2017 marks the 27th year of refugee confinement and the existence of WEAVE on the Thai-Myanmar border. This prolonged encampment and with no clear sight of the future makes the life of Karen and Karenni displaced people very hard. Their everyday challenges marked by mass poverty and despondency are compounded by a number of other problems, including over-crowding, poor nutrition and sanitation, lack of economic opportunity, inability to work outside the refugee camps, and a highly competitive labour market. However, in the Karenni refugee camps and surrounding hill-tribe villages in Mae Hong Son Province, change is taking place as a result of the support extended by Women’s Education for Advancement and Empowerment (WEAVE).
The project started as an income generation activity in mid-90’s and evolved into a socially-driven business now called WEAVE Fair Trade. Its singular purpose was to transition towards women’s economic empowerment and improved quality of life. Displaced people struggled to survive with aid allowances and economic and employment opportunities are extremely scarce. Access to income in the refugee camp, least safe is a rarity for women. Finding additional work outside puts them and their families at great risk, making them vulnerable to arrests and exploitation. Ms. Mitos Urgel the Executive Director of WEAVE explains that access to income is one of the hindrances, particularly for women. “Poverty means more than having little or no income at all. It means lacking control over income, even in the family. It means missing opportunities because women lack power and voice. It means missing out because refugee women are under counted, undervalued, under served and underrepresented.” WEAVE felt the necessity and opportunity to offer alternatives towards economic self-sufficiency and this includes building on the strength of refugee women artisans – their ingenuity in traditional crafts-making, including weaving and embroidery.
Over the years, WEAVE’s intervention provided direct assistance to over 15,000 refugee women artisans in the design, production and marketing of beautifully handcrafted textile based products. The project resulted in the provision of safe income addressing direct and immediate needs on food, health and education of the artisans and their families. Slowly and step by step, women artisans, their children and families have improved their health and nutrition. Women have increased self-confidence and decision-making ability, enhanced skills and competencies; improved family relationships; improved credit-worthiness in their communities and improved role and status at home and within their communities. Thus, WEAVE being a member of the World Fair Trade Organization (WFTO), ensures that women’s basic human rights are protected and advanced through gender equity, fair payment, non-discrimination, safe and good conditions in the workplaces and continuous capacity building.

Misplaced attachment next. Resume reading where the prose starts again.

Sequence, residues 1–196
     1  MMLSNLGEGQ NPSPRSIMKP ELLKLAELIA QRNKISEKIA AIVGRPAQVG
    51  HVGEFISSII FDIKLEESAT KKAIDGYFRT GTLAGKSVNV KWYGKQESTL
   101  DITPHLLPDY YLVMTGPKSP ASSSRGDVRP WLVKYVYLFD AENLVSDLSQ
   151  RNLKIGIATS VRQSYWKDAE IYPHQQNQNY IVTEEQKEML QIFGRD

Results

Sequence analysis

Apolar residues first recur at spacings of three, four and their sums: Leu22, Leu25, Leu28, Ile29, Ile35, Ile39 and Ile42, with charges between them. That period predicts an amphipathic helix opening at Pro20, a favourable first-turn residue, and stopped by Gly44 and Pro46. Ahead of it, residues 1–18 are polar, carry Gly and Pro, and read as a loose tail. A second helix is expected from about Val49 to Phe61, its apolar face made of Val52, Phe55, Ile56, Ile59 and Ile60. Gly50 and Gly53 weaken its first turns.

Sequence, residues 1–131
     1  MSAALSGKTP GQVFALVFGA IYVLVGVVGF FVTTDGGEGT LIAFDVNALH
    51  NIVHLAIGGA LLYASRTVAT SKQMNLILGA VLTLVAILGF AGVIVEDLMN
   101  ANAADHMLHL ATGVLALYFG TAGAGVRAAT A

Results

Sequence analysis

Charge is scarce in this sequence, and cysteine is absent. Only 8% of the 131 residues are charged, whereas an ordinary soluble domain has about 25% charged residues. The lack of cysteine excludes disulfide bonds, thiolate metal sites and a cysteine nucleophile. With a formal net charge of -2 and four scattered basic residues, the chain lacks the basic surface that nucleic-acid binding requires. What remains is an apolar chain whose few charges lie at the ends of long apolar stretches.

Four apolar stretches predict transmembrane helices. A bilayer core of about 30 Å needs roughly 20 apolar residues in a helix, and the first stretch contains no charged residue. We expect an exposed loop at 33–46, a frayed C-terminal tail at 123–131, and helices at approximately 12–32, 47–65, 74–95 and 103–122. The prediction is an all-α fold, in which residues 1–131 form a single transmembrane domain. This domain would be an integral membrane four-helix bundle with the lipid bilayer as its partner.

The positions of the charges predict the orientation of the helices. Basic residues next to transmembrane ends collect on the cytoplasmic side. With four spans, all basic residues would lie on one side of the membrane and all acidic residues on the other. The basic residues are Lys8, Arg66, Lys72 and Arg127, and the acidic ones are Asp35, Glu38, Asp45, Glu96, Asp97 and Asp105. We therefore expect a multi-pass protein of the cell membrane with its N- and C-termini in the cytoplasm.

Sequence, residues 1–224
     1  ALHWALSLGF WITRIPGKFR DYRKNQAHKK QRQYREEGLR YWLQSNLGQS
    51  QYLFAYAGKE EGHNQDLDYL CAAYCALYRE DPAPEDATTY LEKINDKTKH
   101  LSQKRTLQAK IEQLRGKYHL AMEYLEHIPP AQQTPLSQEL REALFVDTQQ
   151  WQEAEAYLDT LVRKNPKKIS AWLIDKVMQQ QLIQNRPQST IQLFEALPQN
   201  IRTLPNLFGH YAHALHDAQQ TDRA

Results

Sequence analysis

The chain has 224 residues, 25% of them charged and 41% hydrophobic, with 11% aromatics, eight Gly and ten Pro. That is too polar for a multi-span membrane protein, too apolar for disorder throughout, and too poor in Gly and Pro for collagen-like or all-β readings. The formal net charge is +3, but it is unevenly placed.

Additionally, the project is steering funds and opportunities toward initiatives that refugee women project participants deemed most important, such as community savings, as contribution to community development activities and special celebrations, health assistance, mortuary contribution. The project also conducts on the-job-training that is linked to textile-handicraft industry (weaving, sewing and embroidery) and supports poor women’s organizations by contributing to innovative small business development activities such as: vegetable growing, household domestic animal raising, dried fish production (food processing), jewelry making (pearl) and project and organizational development enabling self-managing and self-governing women’s organizations.
The women project participants are highly engaged and are taking the lead in the decision making process on what needs to be done. The project realizes that it is very important to link human development efforts to local community structures in order to ensure its sustainability and long-term viability. For the most vulnerable women, the project is translating into more work opportunities, a better living environment and steadier start to life despite the challenges they face as refugees/displaced persons.
“I’ve been a #refugee for almost half of my life. I arrived on the Thailand side of the border at the age of 18. I am now 38 years old. The war has torn my family apart as well as my village and we were left with nothing. Being a refugee is never easy and the uncertainty of what lays ahead is very scary! Weaving has helped me deal with my anxiety and fear. Every time I weave, I am weaving the story of my life. I create new patterns and designs and it gives me a sense of freedom and hope. I find comfort working with other Karenni refugee women, we do not only share each other’s challenges and difficulties, we also support each other. WEAVE provided that safe space for me and my friends to hope and dream! – Maw Lu Meh is a Karenni refugee and a #weavewomen weaver in the last 5 years now.